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What is Cat Flu?

Feline Flu...

What Is It?

Cat Flu is also known as Feline Respiratory Disease, and much like the human cold it displays many of the same symptoms. It is caused by the Feline Calicivirus (FCV) or by the Feline Herpes Virus (FHV).

It is very common in cats and kittens and can be spread via nasal or ocular secretions, saliva and direct contact between felines. Droplets from a cat sneezing can cover many metres – transmitting the infection vast distances.

Cat flu can be life threatening if it is left untreated, especially in very young kittens, elderly cats or cats with underlying illnesses such as kidney disease or thyroid problems.

Causes & Symptoms

Cat flu can affect cats of all ages but is commonly more severe in kittens.

Symptoms can vary depending on the strain of virus but can be a combination of any of the following:

  • Sneezing
  • Discharge from eyes and nose
  • Loss of appetite
  • Sore eyes / swollen conjunctiva
  • Lethargy / Low demeanour
  • Dribbling
  • Weight loss
  • Inappetence
  • Ulcers in the mouth
  • Ulcers in the eyes – which can cause irreversible damage and blindness
  • Cough
  • High Temperature
  • Aches and pains in joints – limping may be observed

It is estimated that around 80% of cat flu is caused by the FCV or FHV virus strains, however it can also be caused by bacterial strains such as Bordetella and Chlamydophila Felis. Bordetella also causes kennel cough in dogs and this strain has a high death rate in kittens.

Cats can be vaccinated against cat flu, but the vaccine will only provide protection against the viral strains; not the bacterial ones.

If your cat or kitten shows any of the symptoms described above, please seek veterinary treatment immediately.

Treatment

Because it is usually caused by a viral infection, there is no cure for this illness, and it can be particularly challenging to treat. There are currently no effective antivirals that can be prescribed for this virus.

Your vet will be able to give you an initial diagnosis based on your cats’ symptoms, but they may run some blood tests or take swabs from your cat’s nose and/or mouth to send to the lab to identify the specific virus or bacteria.

If your pets’ symptoms are not life-threatening then your vet will probably prescribe good nursing care, like you would with a human who has a bad cold. They may prescribe antihistamines; nose drops and eye ointments.

  • You can remove the secretions from your pets’ eyes and nose regularly with some moist, soft cotton wool. These can sometimes stop your cat from being able to smell which in turn causes inappetence which can lead to dehydration. You can tempt them to eat with strong smelling foods such as warmed sardines or tuna.
  • You can place a drop of olbas oil on a wet flannel and place this over a radiator in the room your pet is being nursed in at home (NEVER APPLY OLBAS OIL DIRECTLY TO YOUR CAT!).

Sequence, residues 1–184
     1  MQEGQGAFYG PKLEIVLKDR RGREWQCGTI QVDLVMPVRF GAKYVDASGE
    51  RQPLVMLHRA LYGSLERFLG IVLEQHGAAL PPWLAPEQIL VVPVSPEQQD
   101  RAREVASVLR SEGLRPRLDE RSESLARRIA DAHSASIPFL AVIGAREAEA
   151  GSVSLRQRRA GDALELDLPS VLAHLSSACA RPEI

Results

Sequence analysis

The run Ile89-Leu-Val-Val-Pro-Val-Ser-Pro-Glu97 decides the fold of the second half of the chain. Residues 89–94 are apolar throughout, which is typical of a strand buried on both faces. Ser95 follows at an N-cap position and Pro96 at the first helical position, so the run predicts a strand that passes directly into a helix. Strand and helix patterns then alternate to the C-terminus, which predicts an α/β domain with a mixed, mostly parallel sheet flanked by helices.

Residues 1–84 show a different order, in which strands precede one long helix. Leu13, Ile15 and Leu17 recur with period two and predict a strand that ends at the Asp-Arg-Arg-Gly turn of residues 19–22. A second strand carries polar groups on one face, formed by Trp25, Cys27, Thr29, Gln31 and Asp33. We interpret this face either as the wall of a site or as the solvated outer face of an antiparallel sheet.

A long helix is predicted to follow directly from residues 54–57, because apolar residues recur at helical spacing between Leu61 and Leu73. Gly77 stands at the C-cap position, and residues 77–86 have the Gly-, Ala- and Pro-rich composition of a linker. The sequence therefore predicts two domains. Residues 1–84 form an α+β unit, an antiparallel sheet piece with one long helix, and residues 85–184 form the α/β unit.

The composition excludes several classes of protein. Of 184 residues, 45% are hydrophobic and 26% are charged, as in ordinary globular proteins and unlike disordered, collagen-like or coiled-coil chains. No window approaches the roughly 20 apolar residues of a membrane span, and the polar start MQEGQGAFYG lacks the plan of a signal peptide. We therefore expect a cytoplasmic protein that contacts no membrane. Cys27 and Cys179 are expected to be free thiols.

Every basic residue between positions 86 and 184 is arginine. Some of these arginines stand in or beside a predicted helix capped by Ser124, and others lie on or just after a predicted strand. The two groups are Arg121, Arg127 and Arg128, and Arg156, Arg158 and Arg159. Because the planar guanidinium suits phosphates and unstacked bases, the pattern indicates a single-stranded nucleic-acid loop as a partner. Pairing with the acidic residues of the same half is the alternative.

• Steam can help to clear congestion, so you can take your pet into the bathroom with you when you bath or shower (Be mindful that the cat does not jump into hot bath water!)
  • Keep your pet warm and comfortable and provide lots of TLC and cuddles.
  • Encourage your cat to drink, as fluids help to loosen thick catarrhal secretions.

Your pet will most probably not be hospitalised at this stage of the disease due to the risk of infection to other patients, but you should keep them separate from other cats in the household and ensure any person coming into contact with the cat adheres to good hygiene and washes hands, food bowls and litter trays regularly.

Antibiotics will not stop the FCV or FHP strain of the virus and will only be prescribed if your cat has a bacterial infection.

If your cats’ symptoms become more severe or they develop pneumonia, then they will need to be hospitalised for intravenous fluids and oxygen therapy.

Cats who have picked up the feline herpes virus display symptoms for 5 – 10 days; in more severe cases they can display symptoms for up to 6 weeks.

The FHV strain of virus can cause your cat to suffer ongoing health problems and they can become more susceptible to secondary bacterial infections. Cats with this strain are infected for life.

Cats diagnosed with the FCV strain are usually able to clear the infection within a few weeks and in some cases may show no signs at all; whilst others can develop pneumonia and painful mouth and nasal ulcers.

Long Term Consequences

Following infection, many cats are then left as carriers of the disease for the rest of their life. This means that, whilst they may not display symptoms, they can be a cause of a potential infection to another cat. This can be the reason that some kittens develop flu, when they are introduced into a household of “seemingly healthy” cats.

Some carriers may occasionally have a runny nose or eyes for a few days, others can be left with a lifelong runny nose which is known as ‘Chronic Rhinitis’. This is due to the delicate lining of the nasal passages being irreversibly damaged allowing for repeated bacterial infections to occur. Antibiotics can be prescribed by your vet to help alleviate the symptoms of this.

Calicivirus may cause long term inflammation of the gums, (chronic stomatitis), this can be a painful condition requiring long term medication and in severe cases extraction of multiple teeth.

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